To learn more about Adria and see her extensive wish list, check out her website. To attend her workshops or request an appointment with her, register for the 2018 Renewal.

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In addition to writing and editing a monthly lifestyle newspaper for 10 years, Elizabeth Griffin elizabeth_griffin2has published more than 500 articles in newspapers, anthologies, and magazines, along with the books Fragile X, Fragile Hope: Finding Joy in Parenting a Child with Special Needs and Margot’s Story. Elizabeth’s favorite subject matter is true stories of redemption. She loves to speak truth into the lives of others and has been a Bible teacher for 16 years. Her recent adventures include directing communications for an international missions group and public relations for Seattle’s Union Gospel Mission, and blogging at Follow the Dots.

An Interview with Diana Flegal of Hartline Literary Agency

by Elizabeth Griffin

EG: In your career of working with books and authors, what has been the highlight—e.g., working with specific authors or on specific projects?

DF: Truthfully, I enjoy all aspects of working with writers; the fledgling and the accomplished. I particularly enjoy brainstorming fiction plot developments and nonfiction chapter outlines and book titles. Hanging out with such creative minds always infuses me with high energy. It is a total rush to hold a book in your hands you have played a role in getting to market that contributes to honest and worthy conversations.

EG: Why do you come to conferences like our Northwest Christian Writers Renewal— what do you like about them? What is the best way to approach you at an event?

DF: I enjoy meeting and speaking with the conferees. The various ways a writers mind entertains a thought amazes me. Even on similar topics, they come at them with such unique perspectives.

The best way to approach me is first as a fellow word lover, then, as one who might have a helping word. I tend to shy away from the one who believes they heard from God I am to represent their writing. If God has told you that, keep it to yourself, and let God tell me. Then we will both be delighted at the prospect of working together.

EG: How do you interact with authors whom you represent? Can you explain briefly the process you go through of preparing and selling their book to a publisher?

DF: My clients and I go back and forth polishing their proposals in an attempt to answer ahead of time any questions a publisher might have in regarding the merits of their title. In the midst of that process, I will prepare a list of publishers looking for a book of its genre, and prepare a query letter which I will tweak to each publisher’s unique list. When it is ready to go, I will place it on five to six desks simultaneously, and we will wait three months max to hear back from them. At the 1½-month period, I will make a phone call or frame a nudge e-mail. Though it is rare, a submission can end up going astray or into a spam folder. If we have received any helpful rejection letters, or an offer to make a change and come back to them, my client will rewrite, and we will then begin a second round of submissions, hopefully resulting in a sale. The one exception is for “requested by a publisher titles.” I will follow up on those in two weeks with a phone call.  In the waiting, we will work on various ways to further develop my clients platform and career. I will send them opportunities I learn of for them to contribute to anthologies, or write and submit an article on an area of their expertise.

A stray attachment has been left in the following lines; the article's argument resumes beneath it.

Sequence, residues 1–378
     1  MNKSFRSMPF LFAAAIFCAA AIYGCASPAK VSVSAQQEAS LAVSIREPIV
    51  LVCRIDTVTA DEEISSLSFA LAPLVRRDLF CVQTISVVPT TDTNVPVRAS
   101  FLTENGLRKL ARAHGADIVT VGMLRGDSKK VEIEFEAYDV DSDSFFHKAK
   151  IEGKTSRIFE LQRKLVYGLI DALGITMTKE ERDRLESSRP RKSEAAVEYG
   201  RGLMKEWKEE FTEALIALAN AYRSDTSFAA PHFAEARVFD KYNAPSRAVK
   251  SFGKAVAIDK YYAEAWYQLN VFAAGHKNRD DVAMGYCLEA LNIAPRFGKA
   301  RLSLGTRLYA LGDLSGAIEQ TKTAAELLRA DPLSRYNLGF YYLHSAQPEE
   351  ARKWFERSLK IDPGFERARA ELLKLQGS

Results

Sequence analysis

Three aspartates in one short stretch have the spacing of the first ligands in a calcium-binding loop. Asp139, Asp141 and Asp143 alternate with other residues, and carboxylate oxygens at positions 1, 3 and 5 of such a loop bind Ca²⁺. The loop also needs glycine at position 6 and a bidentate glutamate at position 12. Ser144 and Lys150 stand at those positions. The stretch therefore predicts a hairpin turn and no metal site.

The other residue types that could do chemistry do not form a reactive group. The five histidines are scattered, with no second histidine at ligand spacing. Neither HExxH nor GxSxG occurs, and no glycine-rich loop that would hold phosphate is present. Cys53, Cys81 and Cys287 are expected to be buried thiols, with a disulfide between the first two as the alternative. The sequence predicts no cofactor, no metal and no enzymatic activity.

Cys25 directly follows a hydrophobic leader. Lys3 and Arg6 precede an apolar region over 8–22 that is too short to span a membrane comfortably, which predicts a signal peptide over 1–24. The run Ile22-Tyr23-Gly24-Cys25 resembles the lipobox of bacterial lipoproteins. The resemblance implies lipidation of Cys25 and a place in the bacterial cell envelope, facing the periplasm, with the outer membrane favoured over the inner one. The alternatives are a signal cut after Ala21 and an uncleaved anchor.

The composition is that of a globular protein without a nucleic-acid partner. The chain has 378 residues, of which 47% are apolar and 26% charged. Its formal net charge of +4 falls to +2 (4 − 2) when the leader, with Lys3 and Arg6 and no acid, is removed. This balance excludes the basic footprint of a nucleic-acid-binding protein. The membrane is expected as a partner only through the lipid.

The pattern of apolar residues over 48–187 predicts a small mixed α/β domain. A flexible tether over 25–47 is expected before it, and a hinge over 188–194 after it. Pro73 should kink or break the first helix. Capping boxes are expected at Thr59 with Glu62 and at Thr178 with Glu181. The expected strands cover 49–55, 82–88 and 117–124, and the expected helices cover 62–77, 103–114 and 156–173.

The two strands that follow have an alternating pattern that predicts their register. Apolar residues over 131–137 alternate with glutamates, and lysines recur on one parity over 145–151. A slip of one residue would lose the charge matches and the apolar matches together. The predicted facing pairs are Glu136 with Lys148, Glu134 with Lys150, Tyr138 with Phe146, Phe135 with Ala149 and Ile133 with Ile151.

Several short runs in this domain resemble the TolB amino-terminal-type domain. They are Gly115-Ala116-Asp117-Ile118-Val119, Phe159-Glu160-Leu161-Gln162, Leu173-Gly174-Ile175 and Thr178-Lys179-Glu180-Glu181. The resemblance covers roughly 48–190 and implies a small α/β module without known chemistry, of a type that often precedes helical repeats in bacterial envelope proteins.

EG: Anything about your personal life you care to share that helps us get to know you and feel more comfortable?

DF: I am an encourager and caregiver on personality assessments. I stick with my clients through many ups and downs, longer than many other agents might. I no longer question if this is a negative in this line of work. I believe I am where God has placed me. Though this business is challenging in this present economy and political environment, I am grateful to work in the CBA and ABA publishing markets.

Diana Flegal has been an agent with Hartline Literary Agency for eleven years. She represents mainstream and inspirational titles, fiction and nonfiction, but nothing that conflicts with the Christian worldview. She is currently looking for nonfiction authors who have a substantial platform, as well as outstanding contemporary women’s fiction, issue fiction, and formula romance. When she is not reading submissions or stealing away with a recreational read, she is hiking in the mountains or kayaking the many lakes of her home state, North Carolina.

Please bring the following to your appointment:

  • A one-sheet that includes a tagline, back of the book blurb, and short bio
  • A synopsis if fiction, or a chapter outline if nonfiction
  • A list of the social media you are currently using and the number of followers for each one
  • Your marketing strategy (what you plan to do to help promote and market your book)
  • The first chapter of your manuscript
  • A notebook and pen/pencil

Diana will teach two workshops at the Renewal this year:

First Lines and Great Beginnings – This is a fun and interactive class where first line and opening page examples will be shared in a safe and friendly environment. Fellow conferees will be asked to honestly express if they would read on. Suggestions will be offered to improve the chances a reader would read on.

The Agent Author Relationship – Do I need an agent? If so, when do I need one? What does an agent do? And…what should I do that an agent won’t? Understanding the relationship between the author and agent is paramount to a successful career. In this class, you will learn what to expect and what is expected of you as an author. A Q&A time will end the workshop and a writer’s resource list will be offered.